Thursday, August 25, 2005
Our outrage centers not on Churchill's spin of the story�which ignores the remaining seven allegations (mostly of plagiarism and historical fabrication), and instead highlights the dropping of the ethnic fraud charge�but rather the media's willing acceptance of that spin. No corporate flack, no sticky-fingered politician, no university president could ever expect from the media that kind of unquestioning acceptance of their version of the story. Yet this same media hands Churchill the first PR victory he has had since this story broke back in January.Jim is in no mood to link to the Post, so I have. (Ironically, its home page advertises is as "Voted best Colorado website by the Associated Press." Smoochie boochies for you!) The article's headline is "Tentative 'Victory' for Prof". The AP story runs in Newsday with the headline "School Drops Probe of Professor's Ethnicity." It take eight paragraphs to get a single sentence referring to the other seven charges going forward. The same story appears in the Chicago Sun-Times.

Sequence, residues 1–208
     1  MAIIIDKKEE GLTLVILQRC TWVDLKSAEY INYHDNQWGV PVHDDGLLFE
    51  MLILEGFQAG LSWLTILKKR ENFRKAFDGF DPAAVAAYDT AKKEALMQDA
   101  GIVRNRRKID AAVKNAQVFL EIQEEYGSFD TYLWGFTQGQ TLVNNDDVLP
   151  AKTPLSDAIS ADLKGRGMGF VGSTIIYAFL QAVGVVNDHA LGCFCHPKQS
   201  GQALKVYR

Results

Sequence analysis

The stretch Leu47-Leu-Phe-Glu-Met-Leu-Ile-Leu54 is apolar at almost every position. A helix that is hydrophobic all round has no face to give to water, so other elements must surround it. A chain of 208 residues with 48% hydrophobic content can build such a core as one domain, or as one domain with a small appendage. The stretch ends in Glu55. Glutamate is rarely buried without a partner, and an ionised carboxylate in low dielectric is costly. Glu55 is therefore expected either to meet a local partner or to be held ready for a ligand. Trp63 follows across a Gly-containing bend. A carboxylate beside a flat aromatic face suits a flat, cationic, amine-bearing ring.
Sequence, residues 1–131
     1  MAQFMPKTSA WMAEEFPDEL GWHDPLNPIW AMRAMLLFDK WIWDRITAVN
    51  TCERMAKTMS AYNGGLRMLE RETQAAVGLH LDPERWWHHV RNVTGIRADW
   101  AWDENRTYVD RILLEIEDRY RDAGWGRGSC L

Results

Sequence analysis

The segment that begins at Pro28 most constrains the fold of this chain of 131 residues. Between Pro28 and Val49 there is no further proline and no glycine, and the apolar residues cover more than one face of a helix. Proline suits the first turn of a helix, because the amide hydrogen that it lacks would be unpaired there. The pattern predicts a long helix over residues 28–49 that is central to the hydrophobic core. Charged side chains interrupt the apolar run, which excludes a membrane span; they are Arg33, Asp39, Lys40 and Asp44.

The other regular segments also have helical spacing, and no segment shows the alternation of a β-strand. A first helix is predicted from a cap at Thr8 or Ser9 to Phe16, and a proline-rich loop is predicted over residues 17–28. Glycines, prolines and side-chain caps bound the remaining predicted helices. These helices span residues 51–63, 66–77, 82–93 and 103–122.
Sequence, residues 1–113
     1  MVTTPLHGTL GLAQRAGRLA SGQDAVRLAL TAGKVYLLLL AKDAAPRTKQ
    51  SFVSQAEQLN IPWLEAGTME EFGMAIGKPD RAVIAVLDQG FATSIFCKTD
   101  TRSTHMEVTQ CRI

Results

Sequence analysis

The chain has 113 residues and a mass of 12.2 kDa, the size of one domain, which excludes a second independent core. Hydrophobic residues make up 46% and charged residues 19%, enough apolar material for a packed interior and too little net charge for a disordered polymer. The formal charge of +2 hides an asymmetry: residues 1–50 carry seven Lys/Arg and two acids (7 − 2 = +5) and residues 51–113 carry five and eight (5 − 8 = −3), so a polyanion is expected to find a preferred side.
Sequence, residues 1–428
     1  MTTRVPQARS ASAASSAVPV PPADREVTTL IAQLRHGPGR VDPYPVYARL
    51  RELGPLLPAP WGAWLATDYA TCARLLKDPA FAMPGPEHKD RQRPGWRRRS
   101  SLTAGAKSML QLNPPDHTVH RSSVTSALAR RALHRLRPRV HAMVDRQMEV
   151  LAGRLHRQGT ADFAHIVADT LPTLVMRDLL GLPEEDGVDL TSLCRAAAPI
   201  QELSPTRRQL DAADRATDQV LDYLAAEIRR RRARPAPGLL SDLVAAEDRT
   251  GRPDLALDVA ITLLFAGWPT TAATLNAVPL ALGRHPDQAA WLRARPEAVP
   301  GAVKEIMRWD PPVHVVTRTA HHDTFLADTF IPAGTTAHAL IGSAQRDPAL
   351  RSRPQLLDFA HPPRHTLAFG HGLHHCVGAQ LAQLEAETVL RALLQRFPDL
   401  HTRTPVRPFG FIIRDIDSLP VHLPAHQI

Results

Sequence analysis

Readers of PirateBallerina are already aware of the Denver Post's series of mash notes to Churchill..., and it should come as no surprise that the Post's coverage of the inquiry results followed the Churchill spin so faithfully that Churchill's attorney David Lane should have gotten a byline (with the actual content, of course, ghost-written by Churchill).
But that's no surprise; we've come to expect slavering adulation of Churchill from the Post. It's the Associated Press' equally-gullible coverage of the inquiry results that is far more troubling, if for no other reason than the AP story was picked up by at least a hundred newspapers and TV/radio stations. It was the AP version that most people have read or heard. Talk about a lie getting 'round the world before the truth gets its boots pulled on.
Even the most humble small-town newspaper reporter knows that he can't uncritically accept a newsmaker's version of a story. It's necessary to find opposing views and perspectives, and when facts contrary to the politician's assertions are discovered, they must be dutifully reported. The same applies whenever someone says anything "newsworthy."It's worth reminding our readers of the "uncritical" nature of the AP. John Hinderaker at PowerLine has covered this story for years regarding Iraq, the economy, and President Bush. This is just one more example for John's thesis that the Associated Press "is the nation's worst source of media bias."
It's safe to say that the Denver Post is no small-town newspaper. Nor is the Associated Press.